“SALLY” IS A single mother who had been working as a caseworker for a mental health counseling facility for adults, until she became a victim of downsizing and has spent the last two years unemployed. Things were tough for her while collecting unemployment insurance, but that has ended and Sally has had to do what she could to provide food for herself and her 6-year-old daughter. And that meant getting what has traditionally been called food stamps, public assistance to help her stretch her exceedingly meager budget.
Sally is not the real name of the 40-year-old Neptune resident and college graduate, but she asked that her name be withheld. Sally’s story has become more common here in Monmouth County.
“You just feel so helpless; sometimes it feels so hopeless,” she said recently.
Kathleen Weir, the deputy director of the Monmouth County Division of Social Services, shared the startling news that her offices has seen an 83 percent increase since Oct. 2009 in active case loads for the Supplemental Nutritional Assistance Program, or SNAP, previously known as food stamps, a federally funded public assistance program. According to Weir the current number of active cases as of last month stands at 16,585. By active case, Weir explained that the number of those applying has remained fairly consistent since 2009, but this indicates more are meeting the eligibility requirements.
On the state level, enrollment has increased by more than 24 percent, by about 150,000 individuals, from March 2010 to March 2011, according to information provided by Nicole Brossoie, assistant commissioner of public affairs for the New Jersey Department of Human Services.
During that same time period, according to Brossoie, the number of households on the program grew by a little more than 25 percent or about 80,000 additional homes.
When money gets tight, when people try to live on less as they lose their jobs or find themselves in difficult straits, they will make changes, cut expenses. But “Food is not a discretionary expense. You need it to live,” this week said Arti Sinha, a Monmouth County human services specialist.
Sinha said the makeup of the clients has been changing in these last few economically difficult years. “I’ve seen more retirees then I did in the past,” as those on fixed incomes try to address the rising cost of groceries. “I’m seeing younger families who in the past were able to make it,” but now can’t, she said.
“I had people in the past say, ‘There are people who need it more than me. I’m not going to apply. But now I need it,’” Sinha said of her experiences. “That is the phrase I keep hearing over and over, that people are coming because they must, it’s imperative.”
“It’s very said.”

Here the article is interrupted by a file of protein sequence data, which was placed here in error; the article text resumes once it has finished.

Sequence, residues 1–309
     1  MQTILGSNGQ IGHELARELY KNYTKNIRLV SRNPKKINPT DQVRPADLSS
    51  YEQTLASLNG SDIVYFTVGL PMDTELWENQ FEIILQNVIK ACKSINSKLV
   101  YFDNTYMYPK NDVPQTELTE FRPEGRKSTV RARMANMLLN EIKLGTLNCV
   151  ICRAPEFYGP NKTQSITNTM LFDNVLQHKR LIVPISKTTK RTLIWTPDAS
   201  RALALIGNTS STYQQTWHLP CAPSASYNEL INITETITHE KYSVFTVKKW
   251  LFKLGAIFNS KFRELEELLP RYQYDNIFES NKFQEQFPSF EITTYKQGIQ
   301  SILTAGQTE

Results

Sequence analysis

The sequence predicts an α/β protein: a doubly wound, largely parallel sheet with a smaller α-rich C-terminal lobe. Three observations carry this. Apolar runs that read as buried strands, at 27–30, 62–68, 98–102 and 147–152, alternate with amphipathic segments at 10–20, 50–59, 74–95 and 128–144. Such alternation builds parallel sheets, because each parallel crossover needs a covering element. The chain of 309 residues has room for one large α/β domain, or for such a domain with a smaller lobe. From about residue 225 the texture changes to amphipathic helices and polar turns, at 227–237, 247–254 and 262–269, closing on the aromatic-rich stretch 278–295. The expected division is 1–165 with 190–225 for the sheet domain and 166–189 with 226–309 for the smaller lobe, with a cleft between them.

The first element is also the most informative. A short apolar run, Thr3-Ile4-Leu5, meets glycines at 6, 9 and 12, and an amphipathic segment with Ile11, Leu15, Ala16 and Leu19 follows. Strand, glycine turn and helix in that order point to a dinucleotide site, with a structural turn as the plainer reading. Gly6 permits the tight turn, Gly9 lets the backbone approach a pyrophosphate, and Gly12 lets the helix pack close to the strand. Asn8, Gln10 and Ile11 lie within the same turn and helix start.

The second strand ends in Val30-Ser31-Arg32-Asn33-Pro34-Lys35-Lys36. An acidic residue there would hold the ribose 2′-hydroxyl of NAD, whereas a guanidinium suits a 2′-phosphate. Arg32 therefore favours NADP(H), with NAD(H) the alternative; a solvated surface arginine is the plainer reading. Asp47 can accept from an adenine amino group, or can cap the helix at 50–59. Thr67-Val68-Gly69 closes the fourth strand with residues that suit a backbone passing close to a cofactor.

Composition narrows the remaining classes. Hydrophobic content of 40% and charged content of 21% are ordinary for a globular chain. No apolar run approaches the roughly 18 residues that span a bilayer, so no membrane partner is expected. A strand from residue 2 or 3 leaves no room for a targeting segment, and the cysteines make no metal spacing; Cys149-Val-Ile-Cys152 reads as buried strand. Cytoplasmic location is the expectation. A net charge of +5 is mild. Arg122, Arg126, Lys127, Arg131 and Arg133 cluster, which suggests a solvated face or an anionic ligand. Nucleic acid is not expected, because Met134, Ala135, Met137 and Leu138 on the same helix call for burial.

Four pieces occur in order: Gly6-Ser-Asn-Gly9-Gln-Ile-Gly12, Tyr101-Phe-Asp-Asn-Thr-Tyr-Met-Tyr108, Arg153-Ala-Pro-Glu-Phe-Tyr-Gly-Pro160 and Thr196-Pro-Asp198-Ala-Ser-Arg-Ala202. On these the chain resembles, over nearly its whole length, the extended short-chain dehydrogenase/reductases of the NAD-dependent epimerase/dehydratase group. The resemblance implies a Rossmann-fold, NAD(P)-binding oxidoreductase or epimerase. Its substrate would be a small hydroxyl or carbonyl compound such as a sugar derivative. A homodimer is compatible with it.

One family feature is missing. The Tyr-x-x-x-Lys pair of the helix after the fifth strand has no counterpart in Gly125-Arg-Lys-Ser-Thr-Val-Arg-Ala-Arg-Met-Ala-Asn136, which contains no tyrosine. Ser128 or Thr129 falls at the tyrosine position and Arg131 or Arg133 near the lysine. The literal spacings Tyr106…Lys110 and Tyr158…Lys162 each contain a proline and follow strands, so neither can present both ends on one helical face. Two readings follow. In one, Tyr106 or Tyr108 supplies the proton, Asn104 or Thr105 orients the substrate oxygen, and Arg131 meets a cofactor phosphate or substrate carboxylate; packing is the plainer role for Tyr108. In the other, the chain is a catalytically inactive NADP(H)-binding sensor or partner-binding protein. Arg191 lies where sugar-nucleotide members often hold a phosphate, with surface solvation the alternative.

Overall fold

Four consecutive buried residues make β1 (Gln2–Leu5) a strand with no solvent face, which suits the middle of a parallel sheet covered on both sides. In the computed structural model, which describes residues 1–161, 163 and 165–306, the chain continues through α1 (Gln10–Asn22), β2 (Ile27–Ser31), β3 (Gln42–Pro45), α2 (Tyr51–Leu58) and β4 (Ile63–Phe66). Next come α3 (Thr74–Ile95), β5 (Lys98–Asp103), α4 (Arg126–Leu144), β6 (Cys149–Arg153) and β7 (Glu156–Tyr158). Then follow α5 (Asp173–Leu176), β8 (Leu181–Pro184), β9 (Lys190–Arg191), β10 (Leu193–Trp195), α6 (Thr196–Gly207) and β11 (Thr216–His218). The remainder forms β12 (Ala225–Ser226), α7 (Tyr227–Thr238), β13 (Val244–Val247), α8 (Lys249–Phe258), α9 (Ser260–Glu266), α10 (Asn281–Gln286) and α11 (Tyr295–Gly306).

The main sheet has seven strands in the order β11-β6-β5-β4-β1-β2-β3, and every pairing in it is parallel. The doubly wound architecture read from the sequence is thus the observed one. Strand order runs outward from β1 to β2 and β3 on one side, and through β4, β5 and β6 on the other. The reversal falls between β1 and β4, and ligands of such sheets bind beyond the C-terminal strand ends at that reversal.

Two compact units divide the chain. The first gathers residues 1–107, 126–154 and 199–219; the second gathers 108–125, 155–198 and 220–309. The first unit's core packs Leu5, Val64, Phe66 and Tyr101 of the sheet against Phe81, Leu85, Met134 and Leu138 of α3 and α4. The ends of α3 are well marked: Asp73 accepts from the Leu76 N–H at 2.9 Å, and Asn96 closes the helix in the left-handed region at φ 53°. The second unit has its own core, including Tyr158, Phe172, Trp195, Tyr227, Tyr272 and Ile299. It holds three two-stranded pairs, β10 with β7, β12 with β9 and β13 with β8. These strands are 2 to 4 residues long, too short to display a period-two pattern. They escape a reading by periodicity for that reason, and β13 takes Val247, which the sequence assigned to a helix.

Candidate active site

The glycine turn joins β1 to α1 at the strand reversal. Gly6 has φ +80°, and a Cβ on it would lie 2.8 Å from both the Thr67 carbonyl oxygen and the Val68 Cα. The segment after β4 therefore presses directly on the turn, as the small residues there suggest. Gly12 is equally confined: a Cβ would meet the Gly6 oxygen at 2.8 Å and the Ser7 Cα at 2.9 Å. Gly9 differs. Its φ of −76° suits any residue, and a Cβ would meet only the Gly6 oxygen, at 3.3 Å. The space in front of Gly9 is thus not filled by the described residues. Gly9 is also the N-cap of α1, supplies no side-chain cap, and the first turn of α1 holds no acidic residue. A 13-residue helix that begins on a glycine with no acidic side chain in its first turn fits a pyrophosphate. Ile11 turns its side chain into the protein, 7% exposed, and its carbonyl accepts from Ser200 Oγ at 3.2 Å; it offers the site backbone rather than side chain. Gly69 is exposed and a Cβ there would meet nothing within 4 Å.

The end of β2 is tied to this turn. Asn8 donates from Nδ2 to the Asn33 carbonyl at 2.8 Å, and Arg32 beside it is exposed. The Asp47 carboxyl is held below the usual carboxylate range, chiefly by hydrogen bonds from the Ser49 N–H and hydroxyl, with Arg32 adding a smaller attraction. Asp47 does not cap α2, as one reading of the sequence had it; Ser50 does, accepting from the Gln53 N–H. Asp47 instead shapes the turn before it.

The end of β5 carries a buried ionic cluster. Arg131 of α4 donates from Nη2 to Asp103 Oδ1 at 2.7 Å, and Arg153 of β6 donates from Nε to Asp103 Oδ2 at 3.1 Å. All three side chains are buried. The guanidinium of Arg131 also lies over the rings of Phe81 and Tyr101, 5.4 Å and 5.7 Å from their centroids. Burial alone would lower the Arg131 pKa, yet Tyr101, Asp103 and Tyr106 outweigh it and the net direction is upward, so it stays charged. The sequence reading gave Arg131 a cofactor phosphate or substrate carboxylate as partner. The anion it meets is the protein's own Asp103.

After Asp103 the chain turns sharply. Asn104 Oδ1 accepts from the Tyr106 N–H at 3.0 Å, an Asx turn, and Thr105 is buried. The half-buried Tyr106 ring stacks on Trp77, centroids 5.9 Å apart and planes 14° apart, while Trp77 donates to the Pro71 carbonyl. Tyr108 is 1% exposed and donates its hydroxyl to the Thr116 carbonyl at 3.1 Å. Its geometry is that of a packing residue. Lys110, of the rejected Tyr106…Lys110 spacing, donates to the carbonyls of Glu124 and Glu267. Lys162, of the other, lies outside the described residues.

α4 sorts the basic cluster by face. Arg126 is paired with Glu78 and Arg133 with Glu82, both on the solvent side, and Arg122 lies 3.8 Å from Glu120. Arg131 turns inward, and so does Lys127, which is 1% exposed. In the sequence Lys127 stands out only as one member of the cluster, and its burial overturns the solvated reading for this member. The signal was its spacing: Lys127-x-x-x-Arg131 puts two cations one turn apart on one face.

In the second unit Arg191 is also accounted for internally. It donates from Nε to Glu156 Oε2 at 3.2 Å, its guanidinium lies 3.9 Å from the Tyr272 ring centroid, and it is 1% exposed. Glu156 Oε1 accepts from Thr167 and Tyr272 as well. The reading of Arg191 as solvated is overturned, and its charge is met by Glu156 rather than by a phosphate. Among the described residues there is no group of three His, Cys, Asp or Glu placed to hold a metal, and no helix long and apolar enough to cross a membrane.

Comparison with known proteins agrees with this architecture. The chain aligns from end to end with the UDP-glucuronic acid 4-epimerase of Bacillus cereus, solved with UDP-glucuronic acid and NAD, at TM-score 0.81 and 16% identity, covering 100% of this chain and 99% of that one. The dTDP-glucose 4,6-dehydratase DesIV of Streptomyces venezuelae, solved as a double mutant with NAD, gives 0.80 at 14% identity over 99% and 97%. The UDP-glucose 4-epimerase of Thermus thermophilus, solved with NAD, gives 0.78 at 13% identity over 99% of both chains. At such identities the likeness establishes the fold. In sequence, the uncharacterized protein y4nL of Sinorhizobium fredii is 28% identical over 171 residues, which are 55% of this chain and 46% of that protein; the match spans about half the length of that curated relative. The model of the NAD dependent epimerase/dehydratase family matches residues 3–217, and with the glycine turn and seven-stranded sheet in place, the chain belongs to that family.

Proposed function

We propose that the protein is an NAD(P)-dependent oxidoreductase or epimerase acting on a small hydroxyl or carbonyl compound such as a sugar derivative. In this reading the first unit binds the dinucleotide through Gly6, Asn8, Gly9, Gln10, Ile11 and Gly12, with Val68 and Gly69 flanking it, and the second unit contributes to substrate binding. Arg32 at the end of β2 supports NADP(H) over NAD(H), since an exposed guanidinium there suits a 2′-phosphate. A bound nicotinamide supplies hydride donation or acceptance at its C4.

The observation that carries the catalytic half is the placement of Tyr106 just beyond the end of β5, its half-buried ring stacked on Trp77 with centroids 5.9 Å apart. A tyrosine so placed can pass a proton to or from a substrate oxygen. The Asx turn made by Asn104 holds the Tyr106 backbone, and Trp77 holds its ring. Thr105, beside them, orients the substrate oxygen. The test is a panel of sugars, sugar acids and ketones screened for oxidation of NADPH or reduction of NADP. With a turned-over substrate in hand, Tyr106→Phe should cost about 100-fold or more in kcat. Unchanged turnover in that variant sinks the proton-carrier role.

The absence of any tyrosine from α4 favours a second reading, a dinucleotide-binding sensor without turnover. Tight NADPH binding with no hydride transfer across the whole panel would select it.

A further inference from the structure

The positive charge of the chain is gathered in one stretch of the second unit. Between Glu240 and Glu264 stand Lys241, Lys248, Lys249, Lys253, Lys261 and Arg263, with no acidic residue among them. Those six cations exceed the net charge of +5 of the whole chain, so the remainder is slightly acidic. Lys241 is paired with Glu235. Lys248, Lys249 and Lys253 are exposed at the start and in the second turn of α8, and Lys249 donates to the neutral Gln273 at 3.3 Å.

There has also been a change in some of the geography. There are traditional pockets within the county, most of them in the eastern portion, where clients would live. Now, though, “We’ve seen a lot of clients that we would never have seen in the past,” from some of the western and affluent communities, such as Manalapan and Marlboro, Allentown, Millstone, she said.
“We’ve definitely seen quite an influx,” she said.
A family of four would qualify for SNAP if their gross income level doesn’t exceed $3,447 per month. And families can include children up to age 22. “If you live together and eat together you are considered part of the same household,” according to Sinha. There are other deductions available for housing, utilities and medical expenses. At that income level a family would be eligible for $668 a month from the program for food. And “the bigger the household size, the higher the income threshold,” she said.
But for some that allowance isn’t enough to carry them through the month, forcing them to go to food pantries.
One woman told Sinha how she buys mac and cheese and frozen hot dogs for her three young children. “’I buy things based on how long I can make them last,’” she told Sinha.
“You’re buying based on that it’s filling, rather than maybe nutritional, and you look for what’s on sale,” Sinha said, relating her clients’ experience.
Sinha and her colleagues have seen their caseloads triple, which has its impact on them as well. “Everyone’s story is so compelling,” and she and her co-workers worry about suffering from compassion fatigue. “You wake up at 3 o’clock [a.m.] thinking about finishing a case,” she said.
“I truly feel for families with children and the elderly,” Sinha said. “They are the most vulnerable of our population.”
Sally in her work sometimes would have to assist other vulnerable populations, those emotionally and mentally challenged, to maneuver the system to get them benefits, never thinking she would be in a similar situation she said.
“I’ve heard a lot of complaints,” from those that had been her clients. Some lived in single room occupancy hotels, under housing vouchers. But those facilities usually don’t allow hot plates or refrigerators, and the food program doesn’t allow clients to purchase prepared foods, making it difficult for them, she said.
SNAP also doesn’t cover paper products, which can be another problem for people, Sally said.
Sally has been surviving on intermittent work in her field and some help from her family. But looking for work has been “horrible” and she and her daughter will have to move in with her parents.
For now the food stamps provide a necessary lifeline, but “It’s limited, it’s once a month and it’s never enough,” she said.